Radical media, politics and culture.

of hydras and atlanteans

At Land's End, the westward foot of england, break waves whose origins lie off the stormy coast of Newfoundland. Some of these breakers may even be traced to the coast of Florida and the West Indies. For centuries fisherment on the lonely shores of Ireland have been able to interpret these long Atlantic swells. The power of an ocean wave is directly related to the speed and duration of the wind that sets it in motion, and to the "length of its fetch," or the distance from its point of origin. The longer the fetch, the greater the wave. Nothing can stop these long waves. They become visible only at the end, when they rise and break, for most of their fetch the surface of the ocean is undisturbed In 1769, Postmaster General Benjamin Franklin noted that packets from Falmouh took about two weeks longer to reach New York than merchant ships took to sail from Rhode Island o London. In talking to Nantucket whalers, he learned about the Gulf Stream:the fishermen and the whales kept out of it, while the English captains stemmed the current, "too wise to be counselled by simple American fishermen." He then drew up some "Maritime Observations" in 1786, and wih these the chart of the Gulf Stream was published in America.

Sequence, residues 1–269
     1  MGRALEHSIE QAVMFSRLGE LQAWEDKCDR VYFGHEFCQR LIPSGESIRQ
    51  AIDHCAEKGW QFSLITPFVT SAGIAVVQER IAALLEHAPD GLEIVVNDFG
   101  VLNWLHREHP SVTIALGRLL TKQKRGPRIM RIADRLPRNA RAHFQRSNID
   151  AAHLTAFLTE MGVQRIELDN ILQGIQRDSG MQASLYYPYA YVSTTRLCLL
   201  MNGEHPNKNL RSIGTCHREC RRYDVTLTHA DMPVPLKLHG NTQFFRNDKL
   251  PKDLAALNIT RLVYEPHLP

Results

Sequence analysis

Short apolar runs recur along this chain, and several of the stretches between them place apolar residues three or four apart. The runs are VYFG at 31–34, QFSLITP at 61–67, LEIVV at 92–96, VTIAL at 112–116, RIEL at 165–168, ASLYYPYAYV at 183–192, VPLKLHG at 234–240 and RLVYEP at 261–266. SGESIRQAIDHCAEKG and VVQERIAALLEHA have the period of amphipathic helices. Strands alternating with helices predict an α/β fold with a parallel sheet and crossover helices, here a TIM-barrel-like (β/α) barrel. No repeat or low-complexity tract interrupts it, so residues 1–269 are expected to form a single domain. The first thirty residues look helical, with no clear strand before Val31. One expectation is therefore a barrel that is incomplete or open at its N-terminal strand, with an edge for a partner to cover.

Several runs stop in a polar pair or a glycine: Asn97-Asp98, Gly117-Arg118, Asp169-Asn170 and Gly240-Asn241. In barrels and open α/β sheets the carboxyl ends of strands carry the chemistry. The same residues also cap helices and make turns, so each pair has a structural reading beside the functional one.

Our book looks from below. We have attempted to recover some of the lost history of the multiethnic class that was essential to the rise of capitalism and the modern, global economy. The historic invisibility of many of the book's subjects owes much to the repression originally visited upon them: the violence of the stake, the chopping block, the gallows, and the shackles of a ship's darkhold. It also owes much to the violence of abstraction in the writing of history, the severity of history hat has long been the captive of the nation-state, which remains in most studies the largely unquestioned framework of analysis. This is a book about connections that have, over the centuries, usually been denied, ignored, or simply not seen, but that nonetheless profoundly shaped the history of the world in which we all of us live and die."